Consultation is by appointment only.
This class engages resources addressing the physical, spiritual, emotional, and social health of diverse communities from a variety of perspectives with an emphasis on African and Afro-Diasporic sources. Through this course, students will encounter a variety of perspectives on the nature, morality, justices, and injustices of health, healing, death and dying. Alternative healing technologies emphasized in this course include diverse forms of advocacy and social protest against medical neglect, abuse, and discrimination in Western medicine – as well as proactive deployments of spirituality and faith.
This course also takes a close look at the nature of dying and death as these function in relationship to one another and in relationship to the life as it relates to health and healing. Students will also critically engage the ways that health, healing, death, and dying function differently among different communities – and the social and experiential factors that mediate such differences. Through interdisciplinary materials, this course invites students to consider how to pursue health, healing, death, and dying with respect to themselves, their communities, and social policies with reason and clarity about justice with respect to human existence. Check out the syllabus here: HHDD.Syllabus Draft (2019).pdf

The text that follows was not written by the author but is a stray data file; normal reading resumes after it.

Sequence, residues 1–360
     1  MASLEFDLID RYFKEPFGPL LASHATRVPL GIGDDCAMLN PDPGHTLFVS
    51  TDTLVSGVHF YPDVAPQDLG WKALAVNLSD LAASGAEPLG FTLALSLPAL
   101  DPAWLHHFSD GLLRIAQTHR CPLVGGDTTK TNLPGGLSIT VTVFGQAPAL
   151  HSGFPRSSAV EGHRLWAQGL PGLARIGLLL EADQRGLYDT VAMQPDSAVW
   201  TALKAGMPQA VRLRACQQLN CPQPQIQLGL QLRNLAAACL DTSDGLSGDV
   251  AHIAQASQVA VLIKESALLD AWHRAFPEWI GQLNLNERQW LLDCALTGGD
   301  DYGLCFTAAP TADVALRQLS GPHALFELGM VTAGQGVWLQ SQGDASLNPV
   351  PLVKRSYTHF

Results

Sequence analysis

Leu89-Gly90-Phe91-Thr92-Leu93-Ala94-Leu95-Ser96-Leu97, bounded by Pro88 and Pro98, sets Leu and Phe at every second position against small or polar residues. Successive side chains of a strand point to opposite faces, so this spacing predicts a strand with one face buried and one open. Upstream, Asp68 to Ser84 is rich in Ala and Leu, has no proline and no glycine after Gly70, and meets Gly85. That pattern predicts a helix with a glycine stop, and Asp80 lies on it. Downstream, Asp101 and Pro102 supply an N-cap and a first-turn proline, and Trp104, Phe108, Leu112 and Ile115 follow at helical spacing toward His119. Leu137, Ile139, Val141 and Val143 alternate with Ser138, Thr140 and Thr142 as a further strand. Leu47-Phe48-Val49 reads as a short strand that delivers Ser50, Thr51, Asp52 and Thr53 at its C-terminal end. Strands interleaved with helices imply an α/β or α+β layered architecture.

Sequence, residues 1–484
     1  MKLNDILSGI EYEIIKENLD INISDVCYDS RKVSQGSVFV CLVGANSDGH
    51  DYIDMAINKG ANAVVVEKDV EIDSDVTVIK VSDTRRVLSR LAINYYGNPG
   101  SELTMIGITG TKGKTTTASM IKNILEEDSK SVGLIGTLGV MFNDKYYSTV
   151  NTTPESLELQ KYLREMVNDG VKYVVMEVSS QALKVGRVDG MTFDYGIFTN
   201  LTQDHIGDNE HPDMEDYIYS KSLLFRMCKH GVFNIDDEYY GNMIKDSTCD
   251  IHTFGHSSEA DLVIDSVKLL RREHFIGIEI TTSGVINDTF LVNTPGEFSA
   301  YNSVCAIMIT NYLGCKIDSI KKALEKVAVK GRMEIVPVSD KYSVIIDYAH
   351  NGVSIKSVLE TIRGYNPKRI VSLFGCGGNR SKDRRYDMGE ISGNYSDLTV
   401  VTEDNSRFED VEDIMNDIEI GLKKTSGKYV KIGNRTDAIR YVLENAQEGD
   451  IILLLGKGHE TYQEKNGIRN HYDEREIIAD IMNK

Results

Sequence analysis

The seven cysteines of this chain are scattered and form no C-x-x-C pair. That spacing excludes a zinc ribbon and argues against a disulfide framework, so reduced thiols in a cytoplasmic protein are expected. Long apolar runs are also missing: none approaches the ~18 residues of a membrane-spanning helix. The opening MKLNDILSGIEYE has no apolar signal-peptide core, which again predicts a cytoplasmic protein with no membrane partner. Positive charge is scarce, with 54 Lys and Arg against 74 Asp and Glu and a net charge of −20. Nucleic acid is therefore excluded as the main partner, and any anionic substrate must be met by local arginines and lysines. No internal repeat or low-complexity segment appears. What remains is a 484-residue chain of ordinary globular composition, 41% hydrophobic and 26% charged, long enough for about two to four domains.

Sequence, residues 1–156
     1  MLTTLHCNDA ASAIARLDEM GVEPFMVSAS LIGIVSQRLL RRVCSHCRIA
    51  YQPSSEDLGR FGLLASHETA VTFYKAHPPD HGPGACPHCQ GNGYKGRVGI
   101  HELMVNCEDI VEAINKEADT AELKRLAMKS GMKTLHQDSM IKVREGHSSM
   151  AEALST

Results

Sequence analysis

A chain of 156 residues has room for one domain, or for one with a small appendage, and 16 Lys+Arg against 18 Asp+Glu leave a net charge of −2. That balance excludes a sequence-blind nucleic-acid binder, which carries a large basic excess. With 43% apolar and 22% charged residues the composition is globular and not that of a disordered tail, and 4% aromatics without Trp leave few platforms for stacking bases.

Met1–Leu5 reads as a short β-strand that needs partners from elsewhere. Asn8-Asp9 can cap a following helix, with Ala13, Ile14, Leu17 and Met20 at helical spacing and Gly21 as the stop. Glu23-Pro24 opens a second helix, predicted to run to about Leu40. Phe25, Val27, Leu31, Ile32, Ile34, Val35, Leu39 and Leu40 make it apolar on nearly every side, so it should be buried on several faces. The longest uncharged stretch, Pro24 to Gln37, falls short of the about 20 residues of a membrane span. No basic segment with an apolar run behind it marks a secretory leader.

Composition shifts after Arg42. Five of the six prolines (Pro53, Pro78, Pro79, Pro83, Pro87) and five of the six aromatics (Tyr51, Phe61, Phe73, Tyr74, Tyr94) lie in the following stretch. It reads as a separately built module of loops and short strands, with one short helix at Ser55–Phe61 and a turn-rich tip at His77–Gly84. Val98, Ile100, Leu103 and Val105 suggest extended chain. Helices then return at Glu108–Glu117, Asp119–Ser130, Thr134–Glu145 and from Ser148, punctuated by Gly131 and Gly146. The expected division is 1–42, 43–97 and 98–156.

Degree Learning Goals: Please take some time to look over the Professional Degree Learning Goals (MDiv, MASC, MAPSC) and the Academic Degree Learning Goals (MTS, MA).
Incompletes: If incompletes are allowed in this course, see the Master's Student Handbook for Policies and Procedures.
Pass/Fail: Masters students wishing to take the class pass/fail should discuss this with the instructor by the second class session.
Academic Integrity and Community Covenant: All students are expected to abide by Iliff’s statement on Academic Integrity, as published in the Masters Student Handbook, or the Joint PhD Statement on Academic Honesty, as published in the Joint PhD Student Handbook, as appropriate. All participants in this class are expected to be familiar with Iliff’s Community Covenant.
Core Values: As a community, Iliff strives to live by this set of Core Values.
Accommodations: Iliff engages in a collaborative effort with students with disabilities to reasonably accommodate student needs. Students are encouraged to contact their assigned advisor to initiate the process of requesting accommodations. The advising center can be contacted at firstname.lastname@example.org or by phone at 303-765-1146.
Writing Lab: Grammar and organization are important for all written assignments. Additional help is available from the Iliff Writing Lab, which is available for students of any level who need help beginning an assignment, organizing thoughts, or reviewing a final draft.
Inclusive Language: It is expected that all course participants will use inclusive language in speaking and writing, and will use terms that do not create barriers to classroom community.
|Sep 26, 2019||Thu||Response Paper 1||due by 03:59AM|
|Oct 09, 2019||Wed||Group Presentations||due by 07:00PM|
|Oct 17, 2019||Thu||Response Paper 2||due by 03:00AM|
|Nov 07, 2019||Thu||Response Paper 3||due by 04:00AM|